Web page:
The amygdala uses information from various places in the brain to determine when to fire up the parasympathetic nervous system. The most direct information pathways come from the eyes, ears, and other sense organs. When the amygdala receives a report from one of these pathways about a potential danger, such as a dark figure in the closet, it reacts exceptionally quickly. Before your thinking brain has even a single second to realize that the “dark figure” is just an old raincoat, your amygdala has already triggered the hormonal stress response.

The amygdala can also use stored information from past experiences to assess possible threats. Unlike the cerebral cortex, which uses logic to recognize hazards, the amygdala relies on associations. For example, imagine that your childhood babysitter, who wore a particular brand of perfume, made you feel unsafe by loudly reprimanding you. If you smell that same brand of perfume again later in life, you may find yourself feeling anxious, even if you don’t have a conscious memory of that early experience.

Interestingly, some associations come preprogrammed in the amygdala from birth. For example, most people are hardwired to fear social rejection, possibly due to the evolutionary benefits of being in a close-knit tribe. This explains why many teens experience a strong stress response when speaking in front of their class at school. Many of us are also wired to fear heights, spiders, snakes, sudden noises, and other things that would have been threatening to our ancestors.

As you’ll learn in the next section, the amygdala also uses information from the cerebral cortex when assessing potential threats.

The cerebral cortex and its role in teenage anxiety

When most people visualize the human brain, they picture the grey, wrinkled surface of the cerebral cortex. The cerebral cortex is the largest part of the brain and gives us logic, interpretation, planning, imagination, and memory. In other words, it’s the thinking part of the brain.

Humans have a much larger cerebral cortex than that of most other mammals. The vast majority of non-mammals lack any cortex at all. Our large cerebral cortex has empowered us to do many great things, from mastering fire to building the first rocket ship. Unfortunately, the cortex has its limitations. Among them: a tendency to create excessive, unwarranted anxiety.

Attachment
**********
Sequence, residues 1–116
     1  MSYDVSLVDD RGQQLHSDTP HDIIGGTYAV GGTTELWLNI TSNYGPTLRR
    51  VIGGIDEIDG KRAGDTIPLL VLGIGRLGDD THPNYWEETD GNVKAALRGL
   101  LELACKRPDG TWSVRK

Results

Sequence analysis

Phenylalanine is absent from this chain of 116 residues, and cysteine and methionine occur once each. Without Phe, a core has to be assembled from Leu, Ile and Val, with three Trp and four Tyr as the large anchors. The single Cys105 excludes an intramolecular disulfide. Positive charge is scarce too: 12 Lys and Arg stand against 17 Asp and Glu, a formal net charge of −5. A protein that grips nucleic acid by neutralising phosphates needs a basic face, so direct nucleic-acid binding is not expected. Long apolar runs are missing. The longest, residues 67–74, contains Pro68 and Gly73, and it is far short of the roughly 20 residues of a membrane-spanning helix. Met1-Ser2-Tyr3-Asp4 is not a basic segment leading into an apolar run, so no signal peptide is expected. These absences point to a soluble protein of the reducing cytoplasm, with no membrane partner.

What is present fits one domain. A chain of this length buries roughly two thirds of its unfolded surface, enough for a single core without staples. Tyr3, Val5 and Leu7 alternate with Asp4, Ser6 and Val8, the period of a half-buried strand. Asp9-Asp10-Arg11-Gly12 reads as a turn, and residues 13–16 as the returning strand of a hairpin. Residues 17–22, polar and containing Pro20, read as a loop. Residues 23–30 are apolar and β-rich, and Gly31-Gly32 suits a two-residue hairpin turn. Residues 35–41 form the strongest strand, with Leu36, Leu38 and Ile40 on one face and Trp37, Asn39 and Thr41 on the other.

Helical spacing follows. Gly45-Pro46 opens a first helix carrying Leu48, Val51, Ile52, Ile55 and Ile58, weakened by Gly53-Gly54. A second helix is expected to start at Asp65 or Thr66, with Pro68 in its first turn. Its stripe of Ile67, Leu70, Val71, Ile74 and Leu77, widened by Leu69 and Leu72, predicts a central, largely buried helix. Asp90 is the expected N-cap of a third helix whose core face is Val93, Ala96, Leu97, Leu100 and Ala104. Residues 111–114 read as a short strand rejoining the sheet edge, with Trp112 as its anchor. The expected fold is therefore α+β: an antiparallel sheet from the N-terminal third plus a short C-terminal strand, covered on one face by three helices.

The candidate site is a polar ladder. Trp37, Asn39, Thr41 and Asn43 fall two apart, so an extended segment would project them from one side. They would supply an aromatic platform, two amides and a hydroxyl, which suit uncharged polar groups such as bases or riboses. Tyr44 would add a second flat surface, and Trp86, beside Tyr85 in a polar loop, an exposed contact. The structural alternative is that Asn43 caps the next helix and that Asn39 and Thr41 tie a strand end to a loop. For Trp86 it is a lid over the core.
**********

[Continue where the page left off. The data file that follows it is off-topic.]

The rumination, catastrophizing, and black-and-white thinking that often contribute to anxiety are all possible thanks to the cerebral cortex. Sometimes the cortex’s negative interpretations of the world are accurate; other times, it overreacts. Regardless of the accuracy of its interpretations, the cortex sends the same signal to the amygdala: “Danger is imminent! Get ready!”. The amygdala responds by firing up the parasympathetic nervous system.

Teens are not immune to the cortex’s stress-inducing powers. Imagine that an anxiety-prone high schooler, Tamika, is working up the courage to ask her crush to prom. All kinds of anxiety-inducing thoughts, images, and contingency plans are popping up in her cortex. “Someone might have already asked him. Everyone will be watching and laughing at me. If he turns me down, what should I say?” The amygdala doesn’t know the difference between Tamika’s what-if scenarios and a real, present danger, so it initiates the stress response.

Neuroscience can teach us how to deal with teenage anxiety more effectively

Helping teens with anxiety requires a complete understanding of the various neurological pathways that create it. Learning about the neuroscience of anxiety is the first step toward pinpointing an individual’s sources of stress and providing targeted anxiety relief for teens whose brains are wired for anxiety. If you need a teen therapist who truly understands how to deal with teenage anxiety, we can help. Send us a message or book a free 20 minute consultation call with Dr. Priscilla Barajas or Dr. Jenifer Goldman.

[i] National Institute of Mental Health